Herbert Peppard: The Eternal Man tells the true story of a 95-year-old World War Two veteran who was a member of the First Special Service Force, which is also known as the Devil's Brigade.  Peppard grew up during the Great Depression in Truro, Nova Scotia. Unable to afford books for school, he dropped out at age 16 to work at the lumberyard. But with Hitler and the Nazis terrorizing Europe, he felt the call to join the army to help in the war effort.  While Peppard fought for his country and became a decorated soldier, he had a rebellious side. Peppard went AWOL - a serious offence in the army - five times while on duty. But during a prohibited vacation home, he met a beautiful woman named Greta MacPhee.  Critical moments of battle are interwoven with letters, written by Peppard to his family and to Greta, the woman he vowed to return to and marry. Many letters were written from his hospital bed in Naples, where he spent six months recovering after being shot.  The story follows Peppard after the war when he returned home to Nova Scotia to start a family. But soon after his return, Greta, his beautiful new bride, is diagnosed with a debilitating disease.  Peppard is living in Truro in the very home where he was born. He writes columns in the local paper, walks a mile every day and continues to inspire others. 

Herbert Peppard: The Eternal Man tells the true story of a 95-year-old World War Two veteran who was a member of the First Special Service Force, which is also known as the Devil's Brigade. 

Peppard grew up during the Great Depression in Truro, Nova Scotia. Unable to afford books for school, he dropped out at age 16 to work at the lumberyard. But with Hitler and the Nazis terrorizing Europe, he felt the call to join the army to help in the war effort. 

While Peppard fought for his country and became a decorated soldier, he had a rebellious side. Peppard went AWOL - a serious offence in the army - five times while on duty. But during a prohibited vacation home, he met a beautiful woman named Greta MacPhee.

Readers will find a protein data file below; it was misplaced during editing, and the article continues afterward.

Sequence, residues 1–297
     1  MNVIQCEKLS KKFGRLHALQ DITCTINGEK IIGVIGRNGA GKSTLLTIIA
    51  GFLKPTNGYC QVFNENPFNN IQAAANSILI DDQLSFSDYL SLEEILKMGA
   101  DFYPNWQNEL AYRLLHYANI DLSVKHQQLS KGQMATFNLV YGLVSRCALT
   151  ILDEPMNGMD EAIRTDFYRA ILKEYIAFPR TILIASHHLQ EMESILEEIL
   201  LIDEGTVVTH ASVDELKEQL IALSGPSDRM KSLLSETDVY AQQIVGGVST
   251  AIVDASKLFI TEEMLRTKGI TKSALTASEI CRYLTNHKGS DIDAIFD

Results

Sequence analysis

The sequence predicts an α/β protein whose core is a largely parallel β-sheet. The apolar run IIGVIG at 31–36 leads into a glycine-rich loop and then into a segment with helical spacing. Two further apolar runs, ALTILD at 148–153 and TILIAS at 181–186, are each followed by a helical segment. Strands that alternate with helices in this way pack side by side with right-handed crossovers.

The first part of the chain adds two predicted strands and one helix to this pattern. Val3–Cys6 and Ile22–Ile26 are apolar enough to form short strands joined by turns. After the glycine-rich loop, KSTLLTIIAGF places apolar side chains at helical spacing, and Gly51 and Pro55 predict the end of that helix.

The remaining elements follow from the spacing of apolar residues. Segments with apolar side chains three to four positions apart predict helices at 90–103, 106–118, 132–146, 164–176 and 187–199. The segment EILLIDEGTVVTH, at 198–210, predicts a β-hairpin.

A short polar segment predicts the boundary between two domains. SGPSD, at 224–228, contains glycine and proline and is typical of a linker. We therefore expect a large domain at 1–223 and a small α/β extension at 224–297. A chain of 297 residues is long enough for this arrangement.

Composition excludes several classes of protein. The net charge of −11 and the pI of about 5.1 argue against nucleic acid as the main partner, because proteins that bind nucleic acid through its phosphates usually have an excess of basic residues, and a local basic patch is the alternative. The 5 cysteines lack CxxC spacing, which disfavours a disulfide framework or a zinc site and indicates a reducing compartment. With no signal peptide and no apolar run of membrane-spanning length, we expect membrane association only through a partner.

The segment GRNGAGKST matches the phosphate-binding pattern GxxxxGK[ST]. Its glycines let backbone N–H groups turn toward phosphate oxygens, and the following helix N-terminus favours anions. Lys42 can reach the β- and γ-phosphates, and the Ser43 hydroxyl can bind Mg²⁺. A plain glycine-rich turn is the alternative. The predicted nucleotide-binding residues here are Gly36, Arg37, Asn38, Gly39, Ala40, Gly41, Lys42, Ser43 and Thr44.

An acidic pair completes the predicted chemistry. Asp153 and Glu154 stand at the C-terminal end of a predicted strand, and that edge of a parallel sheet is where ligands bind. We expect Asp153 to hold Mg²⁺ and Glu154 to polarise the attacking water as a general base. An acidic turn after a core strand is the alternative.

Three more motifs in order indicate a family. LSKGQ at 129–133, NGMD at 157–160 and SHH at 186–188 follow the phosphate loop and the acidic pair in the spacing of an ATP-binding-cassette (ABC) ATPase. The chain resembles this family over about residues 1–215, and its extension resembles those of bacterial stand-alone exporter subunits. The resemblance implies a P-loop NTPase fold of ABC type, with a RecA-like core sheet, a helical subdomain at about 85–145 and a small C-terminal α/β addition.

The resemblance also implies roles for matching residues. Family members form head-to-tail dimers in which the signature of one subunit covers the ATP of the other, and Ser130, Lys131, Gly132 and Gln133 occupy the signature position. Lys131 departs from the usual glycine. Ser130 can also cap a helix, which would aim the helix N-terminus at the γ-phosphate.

Critical moments of battle are interwoven with letters, written by Peppard to his family and to Greta, the woman he vowed to return to and marry. Many letters were written from his hospital bed in Naples, where he spent six months recovering after being shot. 

The story follows Peppard after the war when he returned home to Nova Scotia to start a family. But soon after his return, Greta, his beautiful new bride, is diagnosed with a debilitating disease. 

Peppard is living in Truro in the very home where he was born. He writes columns in the local paper, walks a mile every day and continues to inspire others. 

Excerpt: 

"Norm's praying made Herb nervous. Here he was, sharing a foxhole with an atheist who was praying, just in case there was a God. It got him thinking; if a shell happened to land in their small foxhole, or even close by, they would be killed instantly. Herb and Norm were both twenty-three years old. Herb thought he would survive the war, but so did those who had been killed. Everyone spoke about what they would do after the war; everyone had plans for the future. Herb's best friends – Smitty, Lieutenant Arith, Private Briddon, and Sergeant McIvor – all spoke of the future and each of them had ended up in a pool of their own blood. Herb thought of these individuals, and how they thought they would live, just like him. Yet on this cold, awful night Norm was praying to save his life. He was saying things he vowed never to say. He wanted his life spared, just one more day. Until that moment, Herb had never fully believed in the old adage, "there are no atheists in foxholes," but there it was, right before his eyes–a desperate soldier who needed something to believe in."

Where to buy Herbert Peppard: The Eternan Man

Chapters Indigo (In store and online) 
Coles (in select stores) 
Amazon
Barnes & Noble 
Friesen Press 
Kobo Books